CAIRO (AP) — Israel and Hamas are inching toward a new deal that would free some of the roughly 130 hostages held in the Gaza Strip in exchange for a weekslong pause in the war, now in its fifth month.

U.S. President Joe Biden says a deal could go into effect as early as Monday, ahead of what is seen as an unofficial deadline — the start of the Muslim holy month of Ramadan, around March 10.

A deal would bring some respite to desperate people in Gaza, who have borne a staggering toll, as well as to the anguished families of Israeli hostages taken during Hamas’ Oct. 7 attack that sparked the war.

A tent camp housing Palestinians displaced by the Israeli offensive is seen in Rafah, Gaza Strip, on Feb. 27, 2024.
A tent camp housing Palestinians displaced by the Israeli offensive is seen in Rafah, Gaza Strip, on Feb. 27, 2024.

Hatem Ali via Associated Press

Here is a look at the emerging agreement.

OUTLINE OF THE DEAL

According to a senior official from Egypt, a six-week cease-fire would go into effect, and Hamas would agree to free up to 40 hostages — mostly civilian women, at least two children, and older and sick captives. Israel would release at least 300 Palestinian prisoners held in Israeli jails, the official said.

Israel would also allow displaced Palestinians to return to certain areas in northern Gaza, which was the first target of Israel’s ground offensive and suffered widespread destruction, according to the official from Egpyt, which is mediating the deal along with the U.S. and Qatar.

The Egyptian official said aid deliveries would be ramped up during the cease-fire, with 300 to 500 trucks entering the beleaguered territory per day, far more than the daily average number of trucks entering since the start of the war.

The deliveries to areas across Gaza would be facilitated by Israel, whose forces would refrain from attacks on them and on police escorting the aid convoys, said the official, who spoke on condition of anonymity because he was not authorized to discuss details of the talks with journalists.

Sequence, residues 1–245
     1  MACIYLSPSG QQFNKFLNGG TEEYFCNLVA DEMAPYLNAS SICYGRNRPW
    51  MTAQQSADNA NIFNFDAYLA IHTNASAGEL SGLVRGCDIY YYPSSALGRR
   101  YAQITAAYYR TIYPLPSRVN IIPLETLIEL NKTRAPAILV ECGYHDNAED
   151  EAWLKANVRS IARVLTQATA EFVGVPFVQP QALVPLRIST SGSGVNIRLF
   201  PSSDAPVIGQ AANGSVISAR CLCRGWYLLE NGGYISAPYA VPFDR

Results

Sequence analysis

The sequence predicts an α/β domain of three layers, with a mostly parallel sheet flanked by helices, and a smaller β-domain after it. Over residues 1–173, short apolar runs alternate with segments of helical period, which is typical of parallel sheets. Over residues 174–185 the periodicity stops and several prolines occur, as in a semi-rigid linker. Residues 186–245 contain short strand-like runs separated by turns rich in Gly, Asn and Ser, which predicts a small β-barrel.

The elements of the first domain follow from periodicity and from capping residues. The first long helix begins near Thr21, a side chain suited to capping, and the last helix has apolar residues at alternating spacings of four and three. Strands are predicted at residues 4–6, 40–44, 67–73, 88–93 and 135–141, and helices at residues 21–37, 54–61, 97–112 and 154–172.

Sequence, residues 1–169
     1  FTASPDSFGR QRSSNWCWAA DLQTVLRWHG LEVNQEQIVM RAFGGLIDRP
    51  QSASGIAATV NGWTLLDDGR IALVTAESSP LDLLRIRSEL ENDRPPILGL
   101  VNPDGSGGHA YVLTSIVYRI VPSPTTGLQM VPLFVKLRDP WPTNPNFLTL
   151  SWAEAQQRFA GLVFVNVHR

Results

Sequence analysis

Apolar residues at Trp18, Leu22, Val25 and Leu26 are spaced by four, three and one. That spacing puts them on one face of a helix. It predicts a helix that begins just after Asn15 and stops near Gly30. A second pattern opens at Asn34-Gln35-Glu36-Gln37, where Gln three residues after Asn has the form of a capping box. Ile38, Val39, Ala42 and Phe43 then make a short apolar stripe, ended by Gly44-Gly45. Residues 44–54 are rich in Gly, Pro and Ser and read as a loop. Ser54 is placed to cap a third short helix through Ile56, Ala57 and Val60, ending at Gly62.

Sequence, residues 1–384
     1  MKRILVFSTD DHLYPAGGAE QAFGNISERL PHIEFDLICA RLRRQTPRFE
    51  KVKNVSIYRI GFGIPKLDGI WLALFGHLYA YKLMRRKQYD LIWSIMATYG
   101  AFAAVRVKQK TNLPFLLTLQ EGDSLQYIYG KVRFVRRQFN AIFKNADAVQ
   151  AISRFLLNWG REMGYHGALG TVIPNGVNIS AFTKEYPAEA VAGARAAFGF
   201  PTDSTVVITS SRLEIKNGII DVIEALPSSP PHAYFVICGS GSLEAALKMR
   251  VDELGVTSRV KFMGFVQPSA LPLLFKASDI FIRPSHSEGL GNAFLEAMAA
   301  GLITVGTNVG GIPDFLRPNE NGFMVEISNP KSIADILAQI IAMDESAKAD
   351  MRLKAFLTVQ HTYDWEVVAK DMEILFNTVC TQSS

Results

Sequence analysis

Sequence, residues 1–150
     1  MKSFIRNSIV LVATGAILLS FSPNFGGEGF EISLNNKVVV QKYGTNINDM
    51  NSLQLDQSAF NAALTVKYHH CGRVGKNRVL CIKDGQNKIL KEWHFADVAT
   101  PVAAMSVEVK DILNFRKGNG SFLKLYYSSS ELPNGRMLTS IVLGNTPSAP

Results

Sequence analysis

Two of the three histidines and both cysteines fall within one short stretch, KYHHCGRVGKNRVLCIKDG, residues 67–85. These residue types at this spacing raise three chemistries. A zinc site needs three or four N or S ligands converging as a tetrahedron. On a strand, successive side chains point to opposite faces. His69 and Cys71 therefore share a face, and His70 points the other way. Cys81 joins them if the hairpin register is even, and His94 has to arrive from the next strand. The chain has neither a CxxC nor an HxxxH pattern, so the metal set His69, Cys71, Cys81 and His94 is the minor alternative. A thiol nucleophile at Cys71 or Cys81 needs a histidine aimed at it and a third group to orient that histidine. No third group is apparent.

STICKING POINTS

Despite Biden’s optimism, both sides continue to posture ahead of any final agreement even as talks continue in Qatar. Both Israeli and Hamas officials downplayed any sense of progress.

Israel and Hamas have been far apart on their terms for a deal in the past, dragging out negotiations that appeared to have momentum.

Israel wants all female soldiers included in the first phase of hostage releases, according to an Israeli official who spoke on condition of anonymity because of the ongoing talks. Hamas views all soldiers as more significant bargaining chips and is likely to press back on this demand. The Egyptian official said the female soldiers were at this point being held off until after the first release.

The Egyptian official said the sides also are discussing how many Palestinians would be allowed to return to northern Gaza and whether to limit their return to women and men over 50.

Talks are also pinning down which areas of Gaza that Israel would withdraw troops from, the Egyptian official said, adding that Israel wants Hamas to refrain from using those it left as staging grounds for attacks. It also wants Hamas to stop firing rockets at southern Israel. Hamas has so far rejected both demands, the official said.

The emerging deal leaves a door open for Israel to operate in the southern border town of Rafah once it expires. More than half of Gaza’s population has fled to the southern city on the Egyptian border. Israel wants to destroy what it says are the few Hamas battalions left standing there.

WHAT REMAINS TO BE NEGOTIATED?

During the temporary cease-fire, both sides would negotiate toward an extension of the deal that the Egyptian official said would include the release of all the female soldiers in exchange for a higher number of imprisoned Palestinians, including those serving long sentences for deadly attacks.

After the female soldiers, Israel will seek to free male soldiers for whom Hamas will likely demand a high price. Israeli Prime Minister Benjamin Netanyahu has vowed not to agree to a deal at any cost. But the families of the hostages, whose plight has deeply shaken Israelis, are likely to ramp up pressure if others are freed.

The U.S. hopes the new deal will be a launching pad for implementing its vision for a postwar Gaza that would eventually lead to the creation of a Palestinian state. It wants Gaza to be governed by a revamped Palestinian Authority, which administers part of the Israeli-occupied West Bank. On Monday, it took a first step that could usher in U.S.-backed reforms by disbanding the self-rule government.

Israel wants to retain overall security control in the Gaza Strip and has rejected having world powers impose a state on it.

Goldenberg reported from Jerusalem. Josef Federman also contributed from Jerusalem.

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